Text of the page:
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J Dent Res. 2004 Mar;83(3):216-21.

Collagen degradation by host-derived enzymes during aging.

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Department of Oral Biology and Maxillofacial Pathology, Medical College of Georgia, Augusta, GA 30912, USA.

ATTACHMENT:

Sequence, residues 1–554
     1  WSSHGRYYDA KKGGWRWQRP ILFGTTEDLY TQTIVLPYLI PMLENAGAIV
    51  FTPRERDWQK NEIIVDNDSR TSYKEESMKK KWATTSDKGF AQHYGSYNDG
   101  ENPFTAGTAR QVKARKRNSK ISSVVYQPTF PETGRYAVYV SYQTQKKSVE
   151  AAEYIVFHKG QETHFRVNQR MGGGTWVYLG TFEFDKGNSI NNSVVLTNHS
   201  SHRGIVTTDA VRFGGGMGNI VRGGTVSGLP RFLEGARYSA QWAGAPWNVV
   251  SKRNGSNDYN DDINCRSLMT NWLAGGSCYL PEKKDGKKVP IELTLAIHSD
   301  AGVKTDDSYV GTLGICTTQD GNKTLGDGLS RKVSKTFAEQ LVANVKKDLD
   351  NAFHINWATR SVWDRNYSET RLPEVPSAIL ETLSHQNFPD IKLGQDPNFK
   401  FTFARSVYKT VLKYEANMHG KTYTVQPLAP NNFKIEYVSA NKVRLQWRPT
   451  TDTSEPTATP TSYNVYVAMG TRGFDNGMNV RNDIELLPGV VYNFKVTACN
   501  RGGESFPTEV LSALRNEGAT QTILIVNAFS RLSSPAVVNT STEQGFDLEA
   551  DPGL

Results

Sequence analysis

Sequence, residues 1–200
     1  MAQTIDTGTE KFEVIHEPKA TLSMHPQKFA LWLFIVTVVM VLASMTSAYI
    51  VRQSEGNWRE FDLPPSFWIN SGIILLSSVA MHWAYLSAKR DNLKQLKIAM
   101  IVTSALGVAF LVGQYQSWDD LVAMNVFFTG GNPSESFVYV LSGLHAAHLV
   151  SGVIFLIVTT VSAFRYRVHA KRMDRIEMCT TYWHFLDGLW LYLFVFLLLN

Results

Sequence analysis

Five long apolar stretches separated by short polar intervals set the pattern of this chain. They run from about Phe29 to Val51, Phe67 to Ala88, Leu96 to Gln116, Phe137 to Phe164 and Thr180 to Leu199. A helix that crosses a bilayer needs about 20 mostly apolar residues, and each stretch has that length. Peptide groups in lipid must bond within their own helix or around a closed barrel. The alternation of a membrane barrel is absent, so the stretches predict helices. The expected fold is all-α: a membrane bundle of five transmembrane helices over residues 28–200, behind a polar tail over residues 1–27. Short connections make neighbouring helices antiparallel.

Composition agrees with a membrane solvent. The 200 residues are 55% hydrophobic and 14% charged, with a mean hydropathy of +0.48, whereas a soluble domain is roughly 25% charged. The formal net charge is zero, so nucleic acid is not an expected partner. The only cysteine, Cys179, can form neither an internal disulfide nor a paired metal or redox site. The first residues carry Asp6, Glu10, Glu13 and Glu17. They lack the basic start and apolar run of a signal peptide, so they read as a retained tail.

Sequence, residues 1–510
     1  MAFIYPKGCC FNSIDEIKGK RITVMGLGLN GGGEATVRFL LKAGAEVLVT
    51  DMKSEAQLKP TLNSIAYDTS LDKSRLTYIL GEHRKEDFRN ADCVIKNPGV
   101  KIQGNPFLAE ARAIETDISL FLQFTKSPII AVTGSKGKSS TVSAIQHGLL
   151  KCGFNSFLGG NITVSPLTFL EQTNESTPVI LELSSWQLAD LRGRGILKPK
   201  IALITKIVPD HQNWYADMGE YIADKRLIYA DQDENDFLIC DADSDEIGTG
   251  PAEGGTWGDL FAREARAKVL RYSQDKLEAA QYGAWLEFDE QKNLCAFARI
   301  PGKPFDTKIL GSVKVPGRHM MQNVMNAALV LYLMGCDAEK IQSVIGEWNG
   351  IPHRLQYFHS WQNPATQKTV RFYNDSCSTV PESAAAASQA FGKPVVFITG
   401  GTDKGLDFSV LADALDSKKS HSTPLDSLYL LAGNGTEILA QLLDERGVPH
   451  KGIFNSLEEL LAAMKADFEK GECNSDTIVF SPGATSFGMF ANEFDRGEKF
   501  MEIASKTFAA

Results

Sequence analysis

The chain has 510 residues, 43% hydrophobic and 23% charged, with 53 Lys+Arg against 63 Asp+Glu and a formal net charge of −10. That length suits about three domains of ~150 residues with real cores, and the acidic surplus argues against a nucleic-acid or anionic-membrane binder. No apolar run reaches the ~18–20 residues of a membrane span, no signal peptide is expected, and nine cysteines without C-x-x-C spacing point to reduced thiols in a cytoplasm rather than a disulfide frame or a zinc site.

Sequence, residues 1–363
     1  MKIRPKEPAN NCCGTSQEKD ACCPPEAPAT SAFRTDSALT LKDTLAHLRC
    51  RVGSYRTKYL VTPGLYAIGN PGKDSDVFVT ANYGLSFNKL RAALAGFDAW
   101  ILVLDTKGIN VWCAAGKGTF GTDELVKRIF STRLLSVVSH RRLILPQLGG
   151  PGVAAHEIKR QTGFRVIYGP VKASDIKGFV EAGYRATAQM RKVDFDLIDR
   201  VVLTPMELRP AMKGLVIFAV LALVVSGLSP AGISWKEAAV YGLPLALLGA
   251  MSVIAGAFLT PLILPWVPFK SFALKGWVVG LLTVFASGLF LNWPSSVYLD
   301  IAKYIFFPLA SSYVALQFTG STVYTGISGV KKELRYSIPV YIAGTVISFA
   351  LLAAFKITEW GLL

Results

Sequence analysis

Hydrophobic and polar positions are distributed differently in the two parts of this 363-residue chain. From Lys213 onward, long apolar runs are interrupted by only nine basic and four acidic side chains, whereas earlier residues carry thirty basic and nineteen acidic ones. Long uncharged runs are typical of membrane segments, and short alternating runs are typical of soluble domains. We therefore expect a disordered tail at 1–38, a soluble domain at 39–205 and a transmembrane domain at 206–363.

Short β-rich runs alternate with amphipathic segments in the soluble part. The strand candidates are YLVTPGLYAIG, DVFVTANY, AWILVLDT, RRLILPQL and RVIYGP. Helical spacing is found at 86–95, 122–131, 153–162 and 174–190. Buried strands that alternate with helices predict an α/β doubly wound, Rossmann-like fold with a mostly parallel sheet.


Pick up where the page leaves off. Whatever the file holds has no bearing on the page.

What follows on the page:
Incompletely infiltrated collagen fibrils in acid-etched dentin are susceptible to degradation. We hypothesize that degradation can occur in the absence of bacteria. Partially demineralized collagen matrices (DCMs) prepared from human dentin were stored in artificial saliva. Control specimens were stored in artificial saliva containing proteolytic enzyme inhibitors, or pure mineral oil. We retrieved them at 24 hrs, 90 and 250 days to examine the extent of degradation of DCM. In the 24-hour experimental and 90- and 250-day control specimens, we observed 5- to 6-microm-thick layers of DCM containing banded collagen fibrils. DCMs were almost completely destroyed in the 250-day experimental specimens, but not when incubated with enzyme inhibitors or mineral oil. Functional enzyme analysis of dentin powder revealed low levels of collagenolytic activity that was inhibited by protease inhibitors or 0.2% chlorhexidine. We hypothesize that collagen degradation occurred over time, via host-derived matrix metalloproteinases that are released slowly over time.

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